By now, most people involved with IT are familiar with at least the broad outlines of cloud computing--the idea that applications run somewhere out in the network. We just get back data streams or Web pages; the actual crunching, connecting, and correlating happens somewhere else.
Plenty of people, including myself, have taken cuts at defining cloud computing with a bit more rigor. I've come to believe that particular exercise can still be useful for thinking about different use cases and different market segments, but I don't expect we'll ever see a canonical definition. Too many people have too many different perspectives--and particular interests in having some aspects, say "private clouds," be viewed in a particular way.
However, specifics of the cloud-computing taxonomy aside, it's worth noting that the vision of cloud computing, as originally broached by its popularizers, wasn't just about more loosely coupled applications being delivered over networks in more standardized and interoperable ways--a sort of next-generation service-oriented architecture, if you would. Rather, that vision was about a fundamental change to the economics of computing.
As recounted by, among others, Nick Carr in his The Big Switch, cloud computing metaphorically mirrors the evolution of power generation and distribution. Industrial-revolution factories--such as those that once occupied many of the riverside brick buildings I overlook from my Nashua, N.H., office--built largely customized systems to run looms and other automated tools, powered by water and other sources.
These power generation and distribution systems were a competitive differentiator; the more power you had, the more machines you could run, and the more you could produce for sale. Today, by contrast, power (in the form of electricity) is just a commodity for most companies--something that they pull off the grid and pay for based on how much they use.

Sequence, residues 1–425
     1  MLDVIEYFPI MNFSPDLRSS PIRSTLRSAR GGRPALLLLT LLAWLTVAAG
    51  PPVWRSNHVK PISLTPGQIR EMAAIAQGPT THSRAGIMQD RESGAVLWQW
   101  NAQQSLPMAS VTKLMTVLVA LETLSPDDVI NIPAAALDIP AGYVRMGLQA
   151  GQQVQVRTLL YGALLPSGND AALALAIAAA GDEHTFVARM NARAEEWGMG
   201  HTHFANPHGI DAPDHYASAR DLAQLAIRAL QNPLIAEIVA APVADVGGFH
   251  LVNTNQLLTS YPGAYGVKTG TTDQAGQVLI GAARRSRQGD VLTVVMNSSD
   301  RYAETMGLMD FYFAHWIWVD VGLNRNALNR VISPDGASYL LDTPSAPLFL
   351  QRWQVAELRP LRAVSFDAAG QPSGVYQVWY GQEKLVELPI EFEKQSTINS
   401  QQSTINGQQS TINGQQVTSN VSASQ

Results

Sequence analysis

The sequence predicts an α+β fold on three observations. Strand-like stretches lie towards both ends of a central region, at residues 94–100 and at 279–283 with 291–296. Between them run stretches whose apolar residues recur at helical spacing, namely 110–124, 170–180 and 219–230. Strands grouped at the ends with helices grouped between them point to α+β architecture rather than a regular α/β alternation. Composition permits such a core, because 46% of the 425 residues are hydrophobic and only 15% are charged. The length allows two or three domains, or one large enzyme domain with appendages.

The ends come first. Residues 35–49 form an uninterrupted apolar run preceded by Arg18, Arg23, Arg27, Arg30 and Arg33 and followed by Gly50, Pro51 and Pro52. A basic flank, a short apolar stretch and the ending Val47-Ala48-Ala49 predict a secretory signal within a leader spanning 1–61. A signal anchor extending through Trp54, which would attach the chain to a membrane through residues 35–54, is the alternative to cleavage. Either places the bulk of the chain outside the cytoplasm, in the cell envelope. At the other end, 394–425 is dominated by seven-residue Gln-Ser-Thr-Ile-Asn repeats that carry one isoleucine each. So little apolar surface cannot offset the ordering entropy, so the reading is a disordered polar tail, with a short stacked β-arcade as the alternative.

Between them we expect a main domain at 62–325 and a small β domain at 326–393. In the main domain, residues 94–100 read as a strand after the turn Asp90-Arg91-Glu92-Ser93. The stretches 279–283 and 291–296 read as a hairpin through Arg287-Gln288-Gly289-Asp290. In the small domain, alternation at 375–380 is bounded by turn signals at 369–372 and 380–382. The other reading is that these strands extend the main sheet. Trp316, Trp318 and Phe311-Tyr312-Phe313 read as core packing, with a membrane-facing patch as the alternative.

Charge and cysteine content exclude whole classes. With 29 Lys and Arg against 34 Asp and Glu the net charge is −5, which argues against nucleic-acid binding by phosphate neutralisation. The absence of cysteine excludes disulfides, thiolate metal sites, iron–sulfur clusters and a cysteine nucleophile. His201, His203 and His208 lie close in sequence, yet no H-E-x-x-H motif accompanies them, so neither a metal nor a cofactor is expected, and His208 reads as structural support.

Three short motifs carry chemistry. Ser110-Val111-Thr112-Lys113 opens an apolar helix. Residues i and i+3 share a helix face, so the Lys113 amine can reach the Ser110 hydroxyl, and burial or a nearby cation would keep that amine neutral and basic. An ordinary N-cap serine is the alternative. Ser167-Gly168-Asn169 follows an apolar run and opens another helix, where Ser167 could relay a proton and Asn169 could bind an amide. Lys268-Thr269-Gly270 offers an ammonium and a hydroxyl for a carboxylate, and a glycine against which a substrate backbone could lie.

Some companies may indeed generate power in a small way--typically as backup in outages or as part of a co-generation setup--but you'll find little argument that mainstream power requirements are best met by the electric utility. The Big Switch argues that computing is on a similar trajectory.
And that posits cloud computing being a much more fundamentally disruptive economic model than a mostly gradual shift toward software being delivered as a service and IT being incrementally outsourced to larger IT organizations. It posits having the five "computers" (which is to say complexes of computers) in the world that Sun CTO Greg Papadopoulos hyperbolically referred to--or at least far, far fewer organizations doing computing than today.
Such an IT landscape would look very different--profoundly affecting, just for a start, any vendor competing in it. And that's without even discussing all the regulatory, privacy, and control of information issues that would assume great prominence.
It's an intriguing and big argument, and one well told. I've also come to think it's mostly wrong--at least for any time values that we care about as a practical manner.
I'm emphatically not arguing against cloud computing in the small-"c" sense. Computing is getting more network-centric. Check. Less tied to the physical infrastructure it was initially installed on. Check. More dynamic. Check. More modular. Check. And so forth. Check. Check. Check.
In fact, I even expect that we will see a pretty large-scale shift among small and medium businesses away from running their own e-mail systems and other applications. As we've already seen among consumers--Google search and applications and Web 2.0 sites are all aspects of cloud computing.
And there are economically interesting aspects to this change. No longer do you need to roll in (and finance) pallets of computers to jump-start a company; you go to the Web site for Amazon Web Services. One implication is lower barriers to entry for many types of businesses.
But that's not the sort of near-term economic shift that the electric grid brought about. Rather, it made both unnecessary and obsolete the homegrown systems of the enterprises of the day. And it did so relatively quickly.
And that is what I don't see happening any time soon, on a substantial scale with cloud computing. So far, there is scant evidence that, once you reach the size of industrialized data center operations (call it a couple of data centers to take care of redundancy), the operational economics associated with an order of magnitude greater scale are compelling.
Doubtless, megaservice providers have some scale advantages--especially if they get to choose a narrow slice of application types on which they choose to concentrate. But consider all the reasons enterprises might want or need to continue to run applications in-house: control and visibility, compliance, integration with legacy IT, and so forth. It will take a lot of financial incentive to overcome those countervailing factors.
I'm skeptical that incentive is there for core enterprise IT for organizations with at least modest scale points of their own.